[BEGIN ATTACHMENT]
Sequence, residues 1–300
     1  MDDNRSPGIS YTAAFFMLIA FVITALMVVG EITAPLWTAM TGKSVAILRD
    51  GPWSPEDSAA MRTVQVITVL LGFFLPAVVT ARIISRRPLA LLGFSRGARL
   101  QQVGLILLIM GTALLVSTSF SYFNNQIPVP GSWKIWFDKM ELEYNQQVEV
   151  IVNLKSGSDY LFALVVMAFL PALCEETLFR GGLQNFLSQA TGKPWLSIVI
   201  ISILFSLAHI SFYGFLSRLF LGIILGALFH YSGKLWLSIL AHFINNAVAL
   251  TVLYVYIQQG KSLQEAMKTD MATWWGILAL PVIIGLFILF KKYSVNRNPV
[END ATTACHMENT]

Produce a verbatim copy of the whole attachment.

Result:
Sequence, residues 1–300
     1  MDDNRSPGIS YTAAFFMLIA FVITALMVVG EITAPLWTAM TGKSVAILRD
    51  GPWSPEDSAA MRTVQVITVL LGFFLPAVVT ARIISRRPLA LLGFSRGARL
   101  QQVGLILLIM GTALLVSTSF SYFNNQIPVP GSWKIWFDKM ELEYNQQVEV
   151  IVNLKSGSDY LFALVVMAFL PALCEETLFR GGLQNFLSQA TGKPWLSIVI
   201  ISILFSLAHI SFYGFLSRLF LGIILGALFH YSGKLWLSIL AHFINNAVAL
   251  TVLYVYIQQG KSLQEAMKTD MATWWGILAL PVIIGLFILF KKYSVNRNPV